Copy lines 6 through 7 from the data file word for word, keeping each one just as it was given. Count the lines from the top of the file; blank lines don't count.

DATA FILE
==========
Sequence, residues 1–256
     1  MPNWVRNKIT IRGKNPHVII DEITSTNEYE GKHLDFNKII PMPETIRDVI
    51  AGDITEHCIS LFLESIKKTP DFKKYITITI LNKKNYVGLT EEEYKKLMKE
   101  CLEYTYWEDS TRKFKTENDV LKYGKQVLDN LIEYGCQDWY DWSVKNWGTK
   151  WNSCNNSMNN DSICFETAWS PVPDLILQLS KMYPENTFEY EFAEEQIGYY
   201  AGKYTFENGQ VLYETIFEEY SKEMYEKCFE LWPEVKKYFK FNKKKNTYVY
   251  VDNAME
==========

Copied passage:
   201  AGKYTFENGQ VLYETIFEEY SKEMYEKCFE LWPEVKKYFK FNKKKNTYVY
   251  VDNAME